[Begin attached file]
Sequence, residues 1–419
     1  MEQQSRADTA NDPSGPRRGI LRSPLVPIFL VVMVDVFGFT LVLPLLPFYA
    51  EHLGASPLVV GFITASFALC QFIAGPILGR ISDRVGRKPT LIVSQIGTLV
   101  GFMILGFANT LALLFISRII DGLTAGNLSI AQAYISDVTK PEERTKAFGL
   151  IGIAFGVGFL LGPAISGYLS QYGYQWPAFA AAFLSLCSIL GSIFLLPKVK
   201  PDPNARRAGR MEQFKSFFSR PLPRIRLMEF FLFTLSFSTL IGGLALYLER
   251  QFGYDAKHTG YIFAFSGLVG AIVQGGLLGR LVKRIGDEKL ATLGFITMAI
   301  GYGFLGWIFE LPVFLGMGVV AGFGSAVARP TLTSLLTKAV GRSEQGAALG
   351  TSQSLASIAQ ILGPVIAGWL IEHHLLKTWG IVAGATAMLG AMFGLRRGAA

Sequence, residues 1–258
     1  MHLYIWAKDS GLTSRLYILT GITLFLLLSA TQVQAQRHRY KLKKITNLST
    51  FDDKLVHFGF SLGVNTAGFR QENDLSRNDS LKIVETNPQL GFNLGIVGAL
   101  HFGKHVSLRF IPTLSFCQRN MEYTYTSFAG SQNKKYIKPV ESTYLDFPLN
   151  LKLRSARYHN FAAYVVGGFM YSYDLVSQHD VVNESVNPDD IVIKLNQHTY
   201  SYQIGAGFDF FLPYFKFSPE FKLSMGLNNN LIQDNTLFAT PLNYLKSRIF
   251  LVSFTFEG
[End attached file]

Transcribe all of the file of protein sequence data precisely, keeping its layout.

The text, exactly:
Sequence, residues 1–419
     1  MEQQSRADTA NDPSGPRRGI LRSPLVPIFL VVMVDVFGFT LVLPLLPFYA
    51  EHLGASPLVV GFITASFALC QFIAGPILGR ISDRVGRKPT LIVSQIGTLV
   101  GFMILGFANT LALLFISRII DGLTAGNLSI AQAYISDVTK PEERTKAFGL
   151  IGIAFGVGFL LGPAISGYLS QYGYQWPAFA AAFLSLCSIL GSIFLLPKVK
   201  PDPNARRAGR MEQFKSFFSR PLPRIRLMEF FLFTLSFSTL IGGLALYLER
   251  QFGYDAKHTG YIFAFSGLVG AIVQGGLLGR LVKRIGDEKL ATLGFITMAI
   301  GYGFLGWIFE LPVFLGMGVV AGFGSAVARP TLTSLLTKAV GRSEQGAALG
   351  TSQSLASIAQ ILGPVIAGWL IEHHLLKTWG IVAGATAMLG AMFGLRRGAA

Sequence, residues 1–258
     1  MHLYIWAKDS GLTSRLYILT GITLFLLLSA TQVQAQRHRY KLKKITNLST
    51  FDDKLVHFGF SLGVNTAGFR QENDLSRNDS LKIVETNPQL GFNLGIVGAL
   101  HFGKHVSLRF IPTLSFCQRN MEYTYTSFAG SQNKKYIKPV ESTYLDFPLN
   151  LKLRSARYHN FAAYVVGGFM YSYDLVSQHD VVNESVNPDD IVIKLNQHTY
   201  SYQIGAGFDF FLPYFKFSPE FKLSMGLNNN LIQDNTLFAT PLNYLKSRIF
   251  LVSFTFEG